No black America, you aren’t the custodians of the diaspora’s experience and culture
Earlier this week, a friend put me onto a Hot 97 interview with Samuel L. Jackson where he spoke about the influx of black British actors in America. Indeed, many black British actors are experiencing stateside success and Jackson was somewhat aggrieved that this was taking the roles of his compatriots and peers. However, what I took umbrage with was the subtext of Jackson’s comments on his perception of the validity of the black British experience representing the diaspora. This was when talking about black British actor Daniel Kaluuya being cast in Get Out, a horror comedy about contemporary racism.
“I know the young brother who’s in the movie, and he’s British… There are a lot of black British actors that work in this country. All the time. I tend to wonder what would that movie [Get Out] have been with an American brother who really understands that in a way. Because Daniel [Kaluuya] grew up in a country where they’ve been interracial dating for a hundred years. Britain, there’s only about eight real white people left in Britain … So what would a brother from America have made of that role? And I’m sure the director helped. Some things are universal, but everything ain’t.”
Since it was aired, the interview has had plenty of media coverage, much of it surrounding Jackson’s criticism of black British actors taking US roles (Jackson has sought to clarify his comments saying his criticism was more of the system than targeted at British actors). Nonetheless, that doesn’t change the fact that there was a clear undertone in Jackson’s utterances that he, like many African Americans, see themselves as the custodians of the diaspora’s experience and culture. Although, not only is that not a role they undoubtedly do not possess, given contemporary African American culture, one could argue they aren’t qualified to assume it either.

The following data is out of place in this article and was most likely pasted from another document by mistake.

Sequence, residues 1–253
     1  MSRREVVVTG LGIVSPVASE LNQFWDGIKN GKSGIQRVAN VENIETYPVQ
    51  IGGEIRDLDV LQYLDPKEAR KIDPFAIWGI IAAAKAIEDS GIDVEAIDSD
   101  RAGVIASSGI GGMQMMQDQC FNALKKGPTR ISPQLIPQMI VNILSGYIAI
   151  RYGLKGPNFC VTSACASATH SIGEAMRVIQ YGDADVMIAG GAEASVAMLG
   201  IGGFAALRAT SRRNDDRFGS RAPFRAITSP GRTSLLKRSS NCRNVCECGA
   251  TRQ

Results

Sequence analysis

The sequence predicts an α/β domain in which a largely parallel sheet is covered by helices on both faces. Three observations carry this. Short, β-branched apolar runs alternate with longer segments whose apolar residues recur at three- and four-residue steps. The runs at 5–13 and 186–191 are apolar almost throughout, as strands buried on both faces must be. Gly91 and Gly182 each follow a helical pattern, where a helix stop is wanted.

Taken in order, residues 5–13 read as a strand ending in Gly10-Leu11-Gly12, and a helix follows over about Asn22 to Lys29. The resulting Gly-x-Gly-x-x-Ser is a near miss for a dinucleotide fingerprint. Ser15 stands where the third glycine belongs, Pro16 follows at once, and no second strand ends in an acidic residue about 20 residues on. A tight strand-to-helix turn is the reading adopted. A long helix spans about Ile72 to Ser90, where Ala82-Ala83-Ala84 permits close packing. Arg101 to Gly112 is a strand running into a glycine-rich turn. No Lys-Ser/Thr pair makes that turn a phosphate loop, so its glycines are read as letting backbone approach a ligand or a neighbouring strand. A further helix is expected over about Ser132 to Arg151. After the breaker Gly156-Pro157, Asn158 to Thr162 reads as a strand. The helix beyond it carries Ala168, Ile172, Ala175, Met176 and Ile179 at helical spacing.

I like and respect Samuel L. Jackson. Despite some questionable roles, he has a solid body of work and cannot be denied as a talent and veteran within the arts and the black diaspora. But when it comes to talking about black British culture, identity and experience, it’s something he’s hugely ignorant to and therefore needs to fall back and pipe down because he has absolutely no idea what he’s talking about.
On interracial relationships in the UK, they are surely growing but the 2011 UK census showed 2.2% of the British population identified as mixed race while 86% identified as white. It’s hardly the erosion of the white race in the UK that Jackson alluded to. Furthermore, despite increased acceptance, interracial relationships are still somewhat a taboo in the UK which would suggest that the struggle of interracial harmony in the UK is very much present.